How to calculate the cost per watt

Written by mark stansberry
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How to calculate the cost per watt
How much does 400 watts cost? (Watt image by Ewe Degiampietro from Fotolia.com)

Calculating the cost per watt can really save you money. After you know the cost per watt of each of your appliances and electronic devices, you can determine the ones that cost the most and the ones you use the most. With this information, you can drop your energy bill down quickly.

If you're building an alternative energy system for your home or business, this information will also help you lower costs. The cost per watt information will let you design, build and operate a system that doesn't need to supply as much power, which costs less all around.

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Things you need

  • Calculator
  • Electric rate charts
  • Appliance kilowatt hour charts

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Instructions

  1. 1

    Look up the cost per kilowatt hour on an electrical appliance or electronic device table. Electric utility suppliers, appliance companies and government agencies have cost per kilowatt tables. These tables list the appliance name in one column and the cost per kilowatt-hour to operate the appliance in the other. However, you must check to see if the cost per kilowatt-hour given is the same as what your electric utility company charges.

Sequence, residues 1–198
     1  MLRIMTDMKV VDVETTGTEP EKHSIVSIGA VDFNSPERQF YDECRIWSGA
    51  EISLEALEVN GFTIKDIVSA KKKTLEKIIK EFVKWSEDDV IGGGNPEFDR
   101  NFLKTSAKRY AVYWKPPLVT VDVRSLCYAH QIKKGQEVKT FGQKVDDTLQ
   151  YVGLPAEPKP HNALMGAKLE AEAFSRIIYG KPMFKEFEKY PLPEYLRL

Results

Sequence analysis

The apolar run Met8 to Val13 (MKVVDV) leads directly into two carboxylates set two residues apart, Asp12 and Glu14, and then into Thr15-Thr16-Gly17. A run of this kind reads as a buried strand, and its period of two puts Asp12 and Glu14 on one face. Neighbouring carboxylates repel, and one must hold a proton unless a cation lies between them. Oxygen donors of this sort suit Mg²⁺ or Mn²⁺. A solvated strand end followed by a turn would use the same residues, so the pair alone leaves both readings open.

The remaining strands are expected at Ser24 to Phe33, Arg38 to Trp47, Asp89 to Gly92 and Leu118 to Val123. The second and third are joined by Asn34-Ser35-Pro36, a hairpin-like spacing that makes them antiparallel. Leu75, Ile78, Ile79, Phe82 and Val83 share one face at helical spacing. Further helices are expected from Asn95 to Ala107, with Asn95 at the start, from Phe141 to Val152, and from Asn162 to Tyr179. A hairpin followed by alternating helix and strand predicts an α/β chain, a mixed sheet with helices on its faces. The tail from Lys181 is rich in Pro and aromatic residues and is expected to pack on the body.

2. 2

    Look up the cost per kilowatt-hour that your utility company charges you. Often these tables will list the cost per kilowatt-hour based on a fixed electric rate. Some utility companies base this rate on a national average and others use different criteria. Many electric utilities charge a base rate for a fixed amount of kilowatt-hour use per month. When you exceed that rate, a higher kilowatt-hour rate is charged for the amount over that base amount.

  3. 3

    Adjust your cost per kilowatt-hour rating, depending on what your utility company pricing policy is. This may also depend on the time of day or month of the year you use your appliance. Electric rates can vary for different times of day and different times of the year.

  4. 4

    Convert the cost per kilowatt-hour to cost per watt-hour. Divide the cost per kilowatt-hour that your utility company charges by 1000. This will give you the cost per watt-hour. If your cost per kilowatt-hour was £0.1, which is a ten pence, your costs per watt-hour would be 0.0001p, or one-hundredth of a penny. In other words, your cost is about one-hundredth of a penny per watt. If your electronic device is rated at 1000 watts and it is on for one hour, the charge to use it would be £0.1 or ten pence, since 1000 times 0.0001 is 0.1.

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